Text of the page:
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Mystery storm clouds on Saturn's largest moon appear

Caltech researchers find the first evidence of a methane storm over Titan's equatorial zone, where dry channels were possibly carved by rain.

August 15, 2009|John Johnson Jr.

At last, the missing storm clouds on Saturn's moon Titan may have been found.

In the last decade, researchers have monitored clouds at both of Titan's poles, where large lakes of methane have been spotted by Earth-based observers and by the Cassini spacecraft, which has been orbiting the moon for the last three years. But the moon's clouds seemed inexplicably confined to those areas.

"We've seen a lot of clouds at the poles. But we'd never seen a major storm at the equator," said Michael Brown, a professor of planetary astronomy at Caltech.

This result has had scientists scratching their heads. When the European probe Huygens parachuted to the surface of Saturn's large moon from NASA's Cassini spacecraft in January 2005, the probe's cameras showed what looked to geologists to be dry channels left by methane rivers cutting through dune fields in the equatorial zone.

If there were no storms at the equator, scientists wondered, what made the river channels? "Some people even suggested maybe these are not rain-carved," Brown said.

Now, Brown and one of his former graduate students, Emily Schaller, have found the first evidence of a storm over Titan's tropical latitudes. Their research, titled "Storms in the tropics of Titan," is published in this week's journal Nature.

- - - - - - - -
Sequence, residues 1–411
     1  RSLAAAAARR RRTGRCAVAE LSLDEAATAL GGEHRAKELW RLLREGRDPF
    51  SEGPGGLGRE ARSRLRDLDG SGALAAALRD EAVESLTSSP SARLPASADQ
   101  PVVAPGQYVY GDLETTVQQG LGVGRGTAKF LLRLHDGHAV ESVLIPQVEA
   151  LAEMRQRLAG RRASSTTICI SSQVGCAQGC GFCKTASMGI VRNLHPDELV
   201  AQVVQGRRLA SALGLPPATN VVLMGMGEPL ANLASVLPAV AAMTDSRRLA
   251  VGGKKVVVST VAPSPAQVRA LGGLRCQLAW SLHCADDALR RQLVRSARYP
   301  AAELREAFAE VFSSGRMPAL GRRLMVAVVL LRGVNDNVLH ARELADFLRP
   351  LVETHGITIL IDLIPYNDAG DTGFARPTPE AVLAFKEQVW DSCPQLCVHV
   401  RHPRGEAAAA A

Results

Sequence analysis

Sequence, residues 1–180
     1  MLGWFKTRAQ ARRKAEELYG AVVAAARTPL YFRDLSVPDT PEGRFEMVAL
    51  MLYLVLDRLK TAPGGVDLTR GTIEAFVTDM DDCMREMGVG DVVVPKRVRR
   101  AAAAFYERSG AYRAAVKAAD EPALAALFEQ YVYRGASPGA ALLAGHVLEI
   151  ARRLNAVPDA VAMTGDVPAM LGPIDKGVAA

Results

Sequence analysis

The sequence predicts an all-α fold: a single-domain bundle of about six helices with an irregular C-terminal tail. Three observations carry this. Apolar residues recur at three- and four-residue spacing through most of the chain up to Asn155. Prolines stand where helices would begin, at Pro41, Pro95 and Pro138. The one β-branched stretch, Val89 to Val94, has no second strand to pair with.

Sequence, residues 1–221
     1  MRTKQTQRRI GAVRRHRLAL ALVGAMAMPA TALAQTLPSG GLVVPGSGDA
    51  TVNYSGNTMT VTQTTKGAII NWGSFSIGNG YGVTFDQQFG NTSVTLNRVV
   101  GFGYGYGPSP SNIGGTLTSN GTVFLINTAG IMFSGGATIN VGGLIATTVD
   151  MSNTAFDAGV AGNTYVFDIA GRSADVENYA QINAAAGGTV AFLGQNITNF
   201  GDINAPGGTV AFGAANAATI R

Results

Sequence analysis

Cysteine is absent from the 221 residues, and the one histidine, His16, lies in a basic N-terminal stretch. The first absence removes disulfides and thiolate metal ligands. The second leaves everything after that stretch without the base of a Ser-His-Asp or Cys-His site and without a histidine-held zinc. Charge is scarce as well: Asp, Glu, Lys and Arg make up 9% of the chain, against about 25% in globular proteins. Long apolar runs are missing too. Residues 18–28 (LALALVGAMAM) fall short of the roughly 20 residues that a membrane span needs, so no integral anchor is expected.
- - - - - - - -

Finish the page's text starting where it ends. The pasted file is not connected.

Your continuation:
"The exciting thing is, this maybe points to an answer" to what caused the channels at the equator, Brown said.

The next question, he added, is: Where did the equatorial clouds come from?

Long neglected, Titan has become a hotbed of scientific research in recent years, primarily because of the discoveries of the Cassini-Huygens mission. It's not only the second-largest moon in the solar system (behind Jupiter's Ganymede) and bigger even than the planet Mercury, it's the only moon with a thick atmosphere. As on Earth, Titan's smog-like atmosphere is mostly nitrogen, with some methane thrown in.

It's also the only object in the solar system other than Earth with stable bodies of liquid on the surface; unlike Earth's water-filled oceans and lakes, however, these are thought to be composed mainly of methane and ethane.

On Earth, methane is a gas used to heat homes. But on Titan, temperatures are so low -- at minus-289 degrees Fahrenheit -- that it flows like water.

Many scientists believe Titan represents a time capsule of what the early Earth may have been like, before life began. Titan could never host life as we know it because it is far too cold.

In April 2008, Schaller was using NASA's Infrared Telescope Facility on Mauna Kea, Hawaii, to track daily weather activity on Titan. One day, after weeks of frustration, she checked the data from the previous night and found that "Titan suddenly had the biggest clouds ever."

After that, Brown, Schaller and their colleagues began tracking the clouds with the giant Gemini telescope on Mauna Kea. Brown said the first cloud appeared in the tropics and rapidly spread around the moon.

The source of the clouds is still a mystery. On Earth, the hydrologic cycle is driven by the evaporation of water from the surface to high altitudes where it cools, condenses into clouds and falls back to Earth.

On Titan, methane plays that role. But it's far from certain, Brown said, that clouds of methane circulate around Titan as they do on Earth.

The methane that formed the clouds at Titan's equator may have come from some explosive event in the equatorial region of the moon itself, such as volcanic activity that sent a "methane burp" hurtling into Titan's orange sky.


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